Final Fantasy XII: The Zodiac Age – Bringing Jobs to America

It’s easy to be confused about the Final Fantasy series, particularly if you aren’t already a fan of it. Final Fantasy XV comes out last year, meanwhile a huge expansion for Final Fantasy XIV came out this year, but wait, isn’t there a remaster of Final Fantasy VII in the works? Also, I guess now Final Fantasy XII is hitting the shelves, but it’s also remaster, but not a remaster of just the original, it’s a remaster of a version of the original that came out in 2007, but only in Japan, and are you starting to see where people could get confused about this stuff? The point is: Final Fantasy XII: The Zodiac Age is coming out next week on July 11.

And despite my relative unfamiliarity with the Final Fantasy series (as should be evidenced by the above paragraph), I’m happy to say that I’m getting quite the kick out of it. Here are out biggest takeaways from the first three hours of play (all that we’re able to discuss, per the embargo).

Bringing back the jobs. American audiences are now getting their first taste of the job system that Final Fantasy XII added for its 2007 Japan release, and it makes a huge difference. No longer will your characters level up in what is essentially the same way. Now, twelve different “jobs” corresponding with 12 different License Boards increase the variety for each character.


The music might be the best part. The Zodiac Age features a fully redone and re-recorded soundtrack that even those who got the 2007 Japan release didn’t get, and it’s a tune for soar ears (did I just make up a phrase?). Even if you don’t buy the game, you should try to get your hands on this soundtrack somehow, because it will get you through many a boring work days.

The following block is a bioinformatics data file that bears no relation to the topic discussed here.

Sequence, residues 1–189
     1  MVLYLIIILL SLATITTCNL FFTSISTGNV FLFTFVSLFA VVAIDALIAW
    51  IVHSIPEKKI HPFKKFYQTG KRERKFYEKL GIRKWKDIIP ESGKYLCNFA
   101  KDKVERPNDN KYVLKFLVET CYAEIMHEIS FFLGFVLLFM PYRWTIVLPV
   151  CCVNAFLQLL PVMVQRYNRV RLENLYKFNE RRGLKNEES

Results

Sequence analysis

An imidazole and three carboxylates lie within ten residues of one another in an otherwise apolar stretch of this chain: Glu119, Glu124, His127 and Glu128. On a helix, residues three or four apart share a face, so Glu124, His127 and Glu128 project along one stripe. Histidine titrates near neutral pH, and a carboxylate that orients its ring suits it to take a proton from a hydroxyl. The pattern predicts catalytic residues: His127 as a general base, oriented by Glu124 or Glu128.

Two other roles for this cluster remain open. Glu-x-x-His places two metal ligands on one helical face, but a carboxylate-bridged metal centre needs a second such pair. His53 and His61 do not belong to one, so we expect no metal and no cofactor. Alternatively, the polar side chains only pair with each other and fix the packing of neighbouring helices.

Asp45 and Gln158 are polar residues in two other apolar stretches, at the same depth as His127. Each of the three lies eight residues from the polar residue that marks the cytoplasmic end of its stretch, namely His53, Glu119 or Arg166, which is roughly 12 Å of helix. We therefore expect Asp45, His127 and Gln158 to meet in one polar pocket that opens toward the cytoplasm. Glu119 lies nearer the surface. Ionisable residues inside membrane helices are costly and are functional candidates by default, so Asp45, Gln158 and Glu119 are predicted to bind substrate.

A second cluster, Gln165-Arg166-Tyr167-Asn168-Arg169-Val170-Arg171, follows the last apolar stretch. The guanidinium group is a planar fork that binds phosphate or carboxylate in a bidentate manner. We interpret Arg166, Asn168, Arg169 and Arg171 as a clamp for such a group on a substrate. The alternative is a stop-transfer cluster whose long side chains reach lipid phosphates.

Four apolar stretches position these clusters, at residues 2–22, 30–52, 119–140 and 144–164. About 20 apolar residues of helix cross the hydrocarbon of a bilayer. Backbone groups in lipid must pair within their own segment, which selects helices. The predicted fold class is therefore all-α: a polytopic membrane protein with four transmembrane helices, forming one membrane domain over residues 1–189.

You can still see its age. While the cutscenes for Final Fantasy XII have been fully remastered with The Zodiac Age, the environments in-game still look out-of-date. You can flatten out textures all you want, but that won’t magically make it fit for modern day, graphically speaking.

It does have several modern improvements, though. This includes the addition of an overlayed map that you can press L3 to activate, 7.1 surround sound functionality, and auto-save. I did find myself just walking around with the map overlay on 100% of the time, and I’m not sure that’s what they imagined when implementing the feature (sort of like people who always walk around Batman Arkham games with detective mode on. Why wouldn’t you?

It’s probably more for fans. Sure, this is often the case with Remasters, but many manage to have a wider appeal, such as the recently released Crash Bandicoot N. Sane Trilogy that brought a lot of people to the series for the first time. As someone who isn’t the most avid Final Fantasy player, I can’t see this appealing to those who aren’t already into the series. As much as I’m enjoying it, I probably wouldn’t have even known it released if a code didn’t show up in my email. From what I’ve played, though, you can certainly do a whole lot worse – especially this dry, dry July.